April 2024 Classical Record Reviews

Neave Trio: A Room of Her Own
Works by Chaminade, Smyth, Tailleferre, and Boulanger
Chandos CHAN 20238, CD (reviewed as 24/96). 2024. Jonathan Cooper, prod. & eng.
Performance ****½
Sonics ****½

Despite the preponderance of classical orchestral blockbusters overplayed at audio shows, a goodly number of us enjoy nothing more than basking in the refined beauties of smaller-scaled chamber music. If you would like to spread your wings beyond the giant guys of the literature, the Neave Trio's exploration of trios composed early in the lives of Cécile Chaminade (1857–1944), Lili Boulanger (1893–1918), Germaine Tailleferre (1892–1983), and Dame Ethel Smyth (1858–1944)—the only non-French woman of the pack—is a must.

Chaminade's Trio No.1 mixes romantic sentiments with a delicacy and beauty all their own. The andante is extremely beautiful, the presto leggiero an exuberant, darting delight, and the virtuosic piano writing is equally challenging and enrapturing.

All of Boulanger's compositions were early, alas. The sister of famed teacher Nadia Boulanger (who counted Aaron Copland, Astor Piazzolla, David Del Tredici, and Philip Glass amongst her students) suffered from ill health most of her life. While that didn't stop her from winning the Prix de Rome at age 19, she died five years later. The album's two trios by Boulanger are markedly different, the first a standout for its original voice and lively, foot-tapping chromaticism, the second distinguished by its rare beauty and profound sadness.

Tailleferre is a master at expanding lovely, simple, songlike melodies into rhapsodic journeys. In the first movement of her Trio, which she revised 61 years after it was composed, it's hard not to fall in love with the gorgeous tone violinist Anna Williams and cellist Mikhail Veselov bring to their lovely interplay. The great Smyth's early Trio in D minor packs passion, joy, lyrical beauty, and delight into delectable tunes, then ends with enough heartfelt lyricism to earn it a place in many a concert program and many a heart.—Jason Victor Serinus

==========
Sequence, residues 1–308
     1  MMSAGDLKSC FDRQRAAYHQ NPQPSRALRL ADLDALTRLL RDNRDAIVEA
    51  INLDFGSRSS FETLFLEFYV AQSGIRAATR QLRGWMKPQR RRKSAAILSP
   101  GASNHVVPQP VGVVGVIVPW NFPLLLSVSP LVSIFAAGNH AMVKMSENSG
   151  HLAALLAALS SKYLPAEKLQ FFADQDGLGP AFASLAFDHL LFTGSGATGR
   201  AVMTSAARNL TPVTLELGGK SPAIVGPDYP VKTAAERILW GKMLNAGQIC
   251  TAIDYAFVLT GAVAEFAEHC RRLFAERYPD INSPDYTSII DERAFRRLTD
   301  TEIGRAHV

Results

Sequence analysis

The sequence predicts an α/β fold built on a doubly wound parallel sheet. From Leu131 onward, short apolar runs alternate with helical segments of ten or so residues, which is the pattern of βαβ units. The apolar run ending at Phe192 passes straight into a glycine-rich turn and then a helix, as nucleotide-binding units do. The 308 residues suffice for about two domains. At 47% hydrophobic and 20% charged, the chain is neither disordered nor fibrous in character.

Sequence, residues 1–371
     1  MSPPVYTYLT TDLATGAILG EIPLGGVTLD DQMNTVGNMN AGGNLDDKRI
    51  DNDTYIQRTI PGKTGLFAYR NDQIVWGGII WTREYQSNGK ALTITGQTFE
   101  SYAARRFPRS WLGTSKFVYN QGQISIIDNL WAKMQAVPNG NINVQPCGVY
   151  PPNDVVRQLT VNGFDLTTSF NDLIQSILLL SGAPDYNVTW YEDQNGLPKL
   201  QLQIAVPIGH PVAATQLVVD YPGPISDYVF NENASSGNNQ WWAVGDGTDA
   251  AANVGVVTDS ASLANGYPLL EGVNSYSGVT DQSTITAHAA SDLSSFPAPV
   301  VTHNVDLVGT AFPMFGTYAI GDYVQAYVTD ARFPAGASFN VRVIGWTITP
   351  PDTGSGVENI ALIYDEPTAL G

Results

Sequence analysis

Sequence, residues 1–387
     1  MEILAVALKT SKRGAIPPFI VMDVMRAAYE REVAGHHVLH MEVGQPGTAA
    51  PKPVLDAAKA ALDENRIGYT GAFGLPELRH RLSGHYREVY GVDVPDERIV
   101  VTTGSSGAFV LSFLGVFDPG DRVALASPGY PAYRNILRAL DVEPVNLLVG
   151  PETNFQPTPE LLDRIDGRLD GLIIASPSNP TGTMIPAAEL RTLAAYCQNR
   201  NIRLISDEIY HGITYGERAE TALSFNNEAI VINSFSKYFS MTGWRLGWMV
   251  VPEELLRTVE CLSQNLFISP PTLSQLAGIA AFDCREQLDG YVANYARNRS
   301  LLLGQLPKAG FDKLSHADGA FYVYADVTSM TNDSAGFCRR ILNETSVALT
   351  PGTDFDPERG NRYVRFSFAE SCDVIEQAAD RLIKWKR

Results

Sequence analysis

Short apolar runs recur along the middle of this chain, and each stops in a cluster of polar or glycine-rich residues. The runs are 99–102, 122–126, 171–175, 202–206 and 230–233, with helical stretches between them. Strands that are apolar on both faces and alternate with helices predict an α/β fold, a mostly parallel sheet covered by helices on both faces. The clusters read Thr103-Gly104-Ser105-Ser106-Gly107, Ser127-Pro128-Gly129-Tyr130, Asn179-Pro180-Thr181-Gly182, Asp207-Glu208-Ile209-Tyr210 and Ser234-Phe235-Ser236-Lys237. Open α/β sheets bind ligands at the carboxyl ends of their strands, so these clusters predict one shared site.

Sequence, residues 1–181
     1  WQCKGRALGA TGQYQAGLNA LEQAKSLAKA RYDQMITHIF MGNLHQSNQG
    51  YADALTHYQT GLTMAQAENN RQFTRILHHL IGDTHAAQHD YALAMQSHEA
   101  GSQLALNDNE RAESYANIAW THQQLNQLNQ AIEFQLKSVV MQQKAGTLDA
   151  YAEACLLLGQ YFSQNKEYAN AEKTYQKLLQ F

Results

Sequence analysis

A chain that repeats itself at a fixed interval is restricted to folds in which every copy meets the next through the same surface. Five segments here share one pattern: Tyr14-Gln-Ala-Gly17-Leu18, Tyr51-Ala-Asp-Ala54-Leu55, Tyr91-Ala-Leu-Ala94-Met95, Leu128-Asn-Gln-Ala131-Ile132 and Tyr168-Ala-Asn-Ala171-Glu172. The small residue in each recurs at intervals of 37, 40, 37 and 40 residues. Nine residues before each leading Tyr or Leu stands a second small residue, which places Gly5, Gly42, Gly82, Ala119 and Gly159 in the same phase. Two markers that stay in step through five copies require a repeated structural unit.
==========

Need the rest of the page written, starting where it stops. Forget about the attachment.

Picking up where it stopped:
Gidon Kremer: Songs of Fate
Works by Šerkšnytė, Kuprevičius, Weinberg, and Jančevskis
Kremerata Baltica, Vida Miknevičiūtė, soprano
ECM 2745, CD (reviewed as 24/96 WAV). 2024. Manfred Eicher, prod.; Vilius Keras, Aleksandra Keriene, Peter Laenger, engs.
Performance *****
Sonics ****½

Songs of Fate takes us on an extraordinary journey of survival and pain. Far more than a "concept album," it bears urgent witness to violinist Gidon Kremer's roots as a Jew who has spent years in the Baltic states. This intimate, personal statement is intended, in Kremer's words, "to speak to everybody, reminding us of tragic fates along the way and that we each have a 'voice' that deserves to be heard and listened to."